In accordance with one embodiment for the treatment of cellulose acetate fibers 46, the radiation dose is preferably between about 0.1 and 20 kGy, wherein the radiation dose is measured in terms of the amount of radiation energy absorbed per unit mass of the material. Typically, the amount of energy absorbed, (also known as the dose), is measured in units of kiloGrays (kGy), where 1 kGy is equal to 1,000 Joules per kilogram, or MegaRads (MR or Mrad), where 1 MR is equal to 1,000,000 ergs per gram, and where 10 kGy is equal to 1 Mrad. In addition, it can be appreciated that the amount of energy absorbed is a function of a residence time or time of exposure under constant irradiation at a given dose rate to a dose level preferably in the range of 0.1 to 10 kGy, and more preferably to dose levels in the range of 0.2 to 7.0 kGy, and most preferably to dose levels in the range of 0.3 to 3.0 kGy.

The cellulose acetate tow can be prepared as described in U.S. Pat. Nos. 2,794,239, and 2,953,838, which are hereby incorporated by reference. In the manufacturing of plugs of cellulose acetate tow material 48, a cellulose pulp derived from wood or cotton fibers is mixed with acetic anhydride and acetic acid in the presence of an acid catalyst, such as sulfuric acid. The cellulose and acetic anhydride form cellulose acetate and acetic acid. In the acylation of cellulose, an average of approximately 2.9 of the 3 available hydroxyl groups are acylated or substituted with the acetate. Next, the polymer is hydrolyzed to the level of substitution of approximately 2.5, which forms cellulose acetate in a flake form. The cellulose acetate flake is then dissolved in acetone to form a viscous solution. A whitening agent, such as titanium dioxide may be added.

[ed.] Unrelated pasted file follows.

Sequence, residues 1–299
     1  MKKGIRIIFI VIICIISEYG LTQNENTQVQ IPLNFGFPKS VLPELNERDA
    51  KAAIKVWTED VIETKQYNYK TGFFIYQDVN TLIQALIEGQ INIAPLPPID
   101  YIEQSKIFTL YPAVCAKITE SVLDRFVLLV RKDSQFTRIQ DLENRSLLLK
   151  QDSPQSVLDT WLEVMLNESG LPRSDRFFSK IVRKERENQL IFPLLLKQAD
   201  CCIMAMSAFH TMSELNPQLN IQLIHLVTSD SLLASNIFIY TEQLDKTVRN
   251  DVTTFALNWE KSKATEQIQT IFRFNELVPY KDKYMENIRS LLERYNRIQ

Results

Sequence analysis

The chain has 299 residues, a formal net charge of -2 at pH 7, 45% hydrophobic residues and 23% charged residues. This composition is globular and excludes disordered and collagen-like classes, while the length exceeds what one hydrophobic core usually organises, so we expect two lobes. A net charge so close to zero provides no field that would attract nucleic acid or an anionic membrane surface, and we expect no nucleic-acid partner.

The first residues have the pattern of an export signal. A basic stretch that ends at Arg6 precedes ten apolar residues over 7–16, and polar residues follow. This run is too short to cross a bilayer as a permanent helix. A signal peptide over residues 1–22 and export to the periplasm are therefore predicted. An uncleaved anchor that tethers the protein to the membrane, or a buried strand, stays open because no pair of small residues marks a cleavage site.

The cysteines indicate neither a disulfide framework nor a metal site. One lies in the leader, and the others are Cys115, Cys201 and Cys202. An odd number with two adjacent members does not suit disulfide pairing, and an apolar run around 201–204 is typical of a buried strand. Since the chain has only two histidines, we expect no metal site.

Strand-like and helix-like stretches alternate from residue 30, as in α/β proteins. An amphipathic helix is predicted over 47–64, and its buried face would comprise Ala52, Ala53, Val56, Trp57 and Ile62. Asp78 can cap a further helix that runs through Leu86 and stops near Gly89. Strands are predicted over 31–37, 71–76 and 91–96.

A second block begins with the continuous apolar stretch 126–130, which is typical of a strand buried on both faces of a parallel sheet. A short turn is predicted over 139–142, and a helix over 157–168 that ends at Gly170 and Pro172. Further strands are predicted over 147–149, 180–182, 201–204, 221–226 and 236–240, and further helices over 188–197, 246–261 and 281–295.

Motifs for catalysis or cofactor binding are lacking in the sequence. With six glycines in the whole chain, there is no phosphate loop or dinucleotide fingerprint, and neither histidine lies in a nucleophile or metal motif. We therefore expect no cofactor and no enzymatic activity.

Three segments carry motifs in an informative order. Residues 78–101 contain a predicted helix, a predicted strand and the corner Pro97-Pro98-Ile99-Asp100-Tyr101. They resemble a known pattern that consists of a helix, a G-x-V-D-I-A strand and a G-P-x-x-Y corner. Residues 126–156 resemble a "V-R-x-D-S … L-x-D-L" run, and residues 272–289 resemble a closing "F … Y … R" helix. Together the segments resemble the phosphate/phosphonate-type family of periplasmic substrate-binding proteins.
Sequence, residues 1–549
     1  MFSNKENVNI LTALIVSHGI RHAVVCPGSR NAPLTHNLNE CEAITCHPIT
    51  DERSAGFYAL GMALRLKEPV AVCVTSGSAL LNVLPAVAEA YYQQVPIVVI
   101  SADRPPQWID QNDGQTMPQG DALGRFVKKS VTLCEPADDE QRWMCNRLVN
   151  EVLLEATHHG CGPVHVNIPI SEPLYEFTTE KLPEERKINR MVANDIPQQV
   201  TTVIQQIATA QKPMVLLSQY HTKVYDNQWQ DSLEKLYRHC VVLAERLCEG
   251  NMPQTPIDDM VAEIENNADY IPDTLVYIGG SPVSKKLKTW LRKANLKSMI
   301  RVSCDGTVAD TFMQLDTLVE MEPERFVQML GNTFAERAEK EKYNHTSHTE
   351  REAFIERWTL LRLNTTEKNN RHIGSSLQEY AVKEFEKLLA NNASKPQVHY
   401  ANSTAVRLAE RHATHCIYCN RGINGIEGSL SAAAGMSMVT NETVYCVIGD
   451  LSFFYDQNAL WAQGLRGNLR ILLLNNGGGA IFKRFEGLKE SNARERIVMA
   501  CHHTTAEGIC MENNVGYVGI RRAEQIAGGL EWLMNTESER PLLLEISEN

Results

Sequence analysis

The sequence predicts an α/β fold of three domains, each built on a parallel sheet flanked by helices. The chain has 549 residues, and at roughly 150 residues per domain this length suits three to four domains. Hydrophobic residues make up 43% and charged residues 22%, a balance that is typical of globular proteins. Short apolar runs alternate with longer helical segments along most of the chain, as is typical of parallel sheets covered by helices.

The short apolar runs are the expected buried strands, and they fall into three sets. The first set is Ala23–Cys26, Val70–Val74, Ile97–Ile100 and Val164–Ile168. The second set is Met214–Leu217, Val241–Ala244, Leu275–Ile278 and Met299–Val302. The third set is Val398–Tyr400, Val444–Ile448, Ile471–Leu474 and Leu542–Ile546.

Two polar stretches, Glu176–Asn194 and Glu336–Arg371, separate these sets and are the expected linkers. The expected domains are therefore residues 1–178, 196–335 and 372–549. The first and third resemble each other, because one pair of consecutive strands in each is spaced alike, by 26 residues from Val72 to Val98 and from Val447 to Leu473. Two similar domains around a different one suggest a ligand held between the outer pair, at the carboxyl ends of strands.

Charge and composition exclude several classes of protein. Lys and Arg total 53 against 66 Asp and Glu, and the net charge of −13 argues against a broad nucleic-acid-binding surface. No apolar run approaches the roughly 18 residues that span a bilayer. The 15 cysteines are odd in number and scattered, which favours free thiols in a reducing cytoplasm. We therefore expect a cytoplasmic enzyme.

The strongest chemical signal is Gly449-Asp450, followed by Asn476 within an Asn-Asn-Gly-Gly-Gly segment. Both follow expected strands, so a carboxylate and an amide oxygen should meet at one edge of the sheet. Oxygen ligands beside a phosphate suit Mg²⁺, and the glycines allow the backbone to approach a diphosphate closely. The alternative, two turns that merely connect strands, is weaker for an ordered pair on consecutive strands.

The viscous solution is then filtered and spun into filaments through an extrusion process by forcing the cellulose acetate solution under high pressure through a spinerette having tiny holes to thereby form individual acetate filaments. The holes in the spinerette may have varying shapes, such as square, triangular and round. Triangular shaped holes result in a trilobal or Y-shaped filament, which has been shown to have a high surface area versus weight, desirable for efficient smoke filtration. After the cellulose acetate solution is pressurized through the spinerette, the fibers fall from the spinerette in fine streams downward through a curing chamber where warm air evaporates the acetone and solidifies the streams of cellulose acetate into separate fibers or filaments 46.